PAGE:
Organic fish manure developed by two women entrepreneurs who are trained by Ernakulam Krishi Vigyan Kendra is all set to hit the market with a brand name ‘Fishlizer’.

Two housewives Sini Sha from Cherai and Ivy Jose from Munambam set up their own startups named Lachoos Malsyavalam and Ivees Agro Hub respectively adopting KVK’s technology for producing organic manure using the wastes from fish markets.

The initiative is an outcome of a series of training programmes provided by the KVK aimed at promoting startups in producing manure on a commercial scale. The Krishi Vigyan Kendra functioning under Central Marine Fisheries Research Institute provides technology backstopping to the women for producing the manure and supporting them to market, said Shinoj Subramanian, Head of the KVK.

“In order to ensure the quality of the product, the KVK team will regularly visit the start-up units for monitoring”, he said.  The women will initially sell the product by post and using online delivery options.

Organic manure with nutrients

The manure is one of the best options for crops especially vegetables to increase productivity as it is developed by mixing fish wastes with coco peat and converting it into organic manure using a microbial mix, Subramanian said.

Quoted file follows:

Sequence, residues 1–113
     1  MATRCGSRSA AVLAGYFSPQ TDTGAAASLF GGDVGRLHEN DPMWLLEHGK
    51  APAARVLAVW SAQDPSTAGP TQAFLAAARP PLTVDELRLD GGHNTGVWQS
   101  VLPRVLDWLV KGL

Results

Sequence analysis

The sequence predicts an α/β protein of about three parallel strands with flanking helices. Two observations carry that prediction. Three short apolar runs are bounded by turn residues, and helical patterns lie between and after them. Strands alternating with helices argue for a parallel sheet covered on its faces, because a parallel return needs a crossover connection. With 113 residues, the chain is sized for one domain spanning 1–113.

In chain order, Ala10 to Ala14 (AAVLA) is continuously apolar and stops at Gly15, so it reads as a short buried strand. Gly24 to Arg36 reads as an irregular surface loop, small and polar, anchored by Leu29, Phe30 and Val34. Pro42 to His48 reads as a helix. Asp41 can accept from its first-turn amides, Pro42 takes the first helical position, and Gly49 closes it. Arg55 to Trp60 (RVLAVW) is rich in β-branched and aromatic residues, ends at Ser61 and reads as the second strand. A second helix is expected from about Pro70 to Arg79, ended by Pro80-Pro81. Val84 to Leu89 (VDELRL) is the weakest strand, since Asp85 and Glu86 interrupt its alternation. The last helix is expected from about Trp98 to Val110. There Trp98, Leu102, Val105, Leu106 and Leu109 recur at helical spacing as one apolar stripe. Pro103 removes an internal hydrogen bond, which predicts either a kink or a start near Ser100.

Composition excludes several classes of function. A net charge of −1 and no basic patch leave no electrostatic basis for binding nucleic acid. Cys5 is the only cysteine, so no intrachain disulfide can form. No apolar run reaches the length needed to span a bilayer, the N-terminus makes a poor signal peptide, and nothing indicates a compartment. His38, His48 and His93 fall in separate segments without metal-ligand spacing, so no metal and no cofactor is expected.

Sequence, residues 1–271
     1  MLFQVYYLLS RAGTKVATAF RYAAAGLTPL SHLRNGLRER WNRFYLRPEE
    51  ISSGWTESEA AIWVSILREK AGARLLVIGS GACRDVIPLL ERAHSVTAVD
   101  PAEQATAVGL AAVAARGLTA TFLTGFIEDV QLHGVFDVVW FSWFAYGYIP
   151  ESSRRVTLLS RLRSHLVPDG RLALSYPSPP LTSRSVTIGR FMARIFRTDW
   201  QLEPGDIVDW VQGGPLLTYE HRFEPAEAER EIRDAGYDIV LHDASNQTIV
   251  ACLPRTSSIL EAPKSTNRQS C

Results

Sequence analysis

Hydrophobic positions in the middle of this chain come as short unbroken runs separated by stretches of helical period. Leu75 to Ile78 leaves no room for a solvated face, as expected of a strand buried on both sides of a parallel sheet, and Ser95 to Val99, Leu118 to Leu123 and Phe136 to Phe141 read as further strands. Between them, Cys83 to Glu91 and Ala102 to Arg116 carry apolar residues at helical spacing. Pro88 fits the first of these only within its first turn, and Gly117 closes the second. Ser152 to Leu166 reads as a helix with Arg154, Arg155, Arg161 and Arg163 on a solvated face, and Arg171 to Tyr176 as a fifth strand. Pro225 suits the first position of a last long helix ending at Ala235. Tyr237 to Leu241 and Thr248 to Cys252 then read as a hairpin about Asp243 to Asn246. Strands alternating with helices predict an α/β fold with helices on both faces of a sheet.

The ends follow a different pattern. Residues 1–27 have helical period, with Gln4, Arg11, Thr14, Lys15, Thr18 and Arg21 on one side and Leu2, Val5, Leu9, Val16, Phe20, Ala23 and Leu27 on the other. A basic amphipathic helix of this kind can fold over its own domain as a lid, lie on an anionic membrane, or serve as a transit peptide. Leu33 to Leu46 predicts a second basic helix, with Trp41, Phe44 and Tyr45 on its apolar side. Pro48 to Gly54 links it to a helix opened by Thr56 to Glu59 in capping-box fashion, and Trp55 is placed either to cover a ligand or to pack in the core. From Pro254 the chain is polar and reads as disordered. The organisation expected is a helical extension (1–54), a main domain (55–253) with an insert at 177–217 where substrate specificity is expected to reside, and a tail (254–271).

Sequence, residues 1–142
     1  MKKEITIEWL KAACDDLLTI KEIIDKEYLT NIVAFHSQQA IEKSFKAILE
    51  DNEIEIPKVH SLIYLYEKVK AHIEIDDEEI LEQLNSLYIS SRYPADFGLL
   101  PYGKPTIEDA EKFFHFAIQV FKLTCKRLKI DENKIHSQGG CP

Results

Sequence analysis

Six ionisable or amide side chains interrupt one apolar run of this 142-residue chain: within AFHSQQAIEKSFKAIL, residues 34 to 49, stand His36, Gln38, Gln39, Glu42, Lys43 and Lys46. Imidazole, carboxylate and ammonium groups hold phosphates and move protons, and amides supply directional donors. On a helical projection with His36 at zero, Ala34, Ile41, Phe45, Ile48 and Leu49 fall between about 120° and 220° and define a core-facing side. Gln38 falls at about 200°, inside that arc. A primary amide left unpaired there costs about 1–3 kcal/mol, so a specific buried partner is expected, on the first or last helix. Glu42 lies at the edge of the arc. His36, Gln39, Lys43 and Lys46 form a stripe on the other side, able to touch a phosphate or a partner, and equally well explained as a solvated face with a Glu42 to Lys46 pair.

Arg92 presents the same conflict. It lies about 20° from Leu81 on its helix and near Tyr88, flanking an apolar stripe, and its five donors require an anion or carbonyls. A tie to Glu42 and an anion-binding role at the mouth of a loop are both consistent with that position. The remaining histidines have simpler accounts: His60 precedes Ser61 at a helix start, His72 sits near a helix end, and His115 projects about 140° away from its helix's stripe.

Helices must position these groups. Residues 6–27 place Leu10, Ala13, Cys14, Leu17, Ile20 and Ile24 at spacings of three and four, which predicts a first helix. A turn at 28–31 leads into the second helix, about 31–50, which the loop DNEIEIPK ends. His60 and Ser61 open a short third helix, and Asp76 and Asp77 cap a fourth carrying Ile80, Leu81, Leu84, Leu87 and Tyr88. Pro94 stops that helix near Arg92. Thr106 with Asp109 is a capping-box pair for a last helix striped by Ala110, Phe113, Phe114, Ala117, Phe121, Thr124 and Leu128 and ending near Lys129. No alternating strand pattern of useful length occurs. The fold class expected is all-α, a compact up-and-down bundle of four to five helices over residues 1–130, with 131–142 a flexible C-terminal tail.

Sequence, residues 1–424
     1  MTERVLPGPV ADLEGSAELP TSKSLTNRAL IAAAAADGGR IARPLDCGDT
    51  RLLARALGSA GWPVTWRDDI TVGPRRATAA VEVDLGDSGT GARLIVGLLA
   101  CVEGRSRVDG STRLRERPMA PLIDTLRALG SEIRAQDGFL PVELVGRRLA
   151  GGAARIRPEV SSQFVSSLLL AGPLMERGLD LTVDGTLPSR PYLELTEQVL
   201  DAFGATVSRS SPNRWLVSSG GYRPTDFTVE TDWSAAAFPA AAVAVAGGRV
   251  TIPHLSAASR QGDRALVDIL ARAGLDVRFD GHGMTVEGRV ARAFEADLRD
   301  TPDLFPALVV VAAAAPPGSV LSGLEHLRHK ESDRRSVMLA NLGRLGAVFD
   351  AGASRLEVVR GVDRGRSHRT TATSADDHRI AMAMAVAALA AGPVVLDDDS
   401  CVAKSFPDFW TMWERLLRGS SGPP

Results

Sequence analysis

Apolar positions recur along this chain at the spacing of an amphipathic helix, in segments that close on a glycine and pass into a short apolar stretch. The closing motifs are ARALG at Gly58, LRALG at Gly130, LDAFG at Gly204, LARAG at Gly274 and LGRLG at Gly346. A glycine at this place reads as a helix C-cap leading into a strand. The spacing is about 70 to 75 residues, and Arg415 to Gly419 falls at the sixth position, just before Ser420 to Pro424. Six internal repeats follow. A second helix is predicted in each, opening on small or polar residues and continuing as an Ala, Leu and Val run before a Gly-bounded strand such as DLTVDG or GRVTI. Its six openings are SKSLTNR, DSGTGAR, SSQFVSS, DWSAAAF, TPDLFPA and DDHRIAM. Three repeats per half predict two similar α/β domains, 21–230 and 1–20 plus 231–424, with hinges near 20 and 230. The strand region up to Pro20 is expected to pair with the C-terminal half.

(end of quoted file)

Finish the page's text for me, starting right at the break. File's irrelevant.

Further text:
“In addition to nutrients, this fish fertiliser that is processed through aerobic composting contains a good number of microbes which are very beneficial to the soil. Since it is developed using the microbial mix, the manure will not produce a foul smell. Nutrients contained in the fish could fully be utilized as the coco peat in the product prevents leaching as it absorbs water content in fish”, said P Sreeletha, Subject Matter Specialist of KVK.

The fish manure offers good results as marine fish contains increased levels of nitrogen and microbial elements which would improve growth of vegetables, Shinoj Subramannian said adding that fish manure treatment would reduce the use of cow dung powder and compost in kitchen gardening.

The organic manure from fish wastes was developed in tandem with the central government’s Swachh Bharat campaign. A packet of one kg costs ₹60.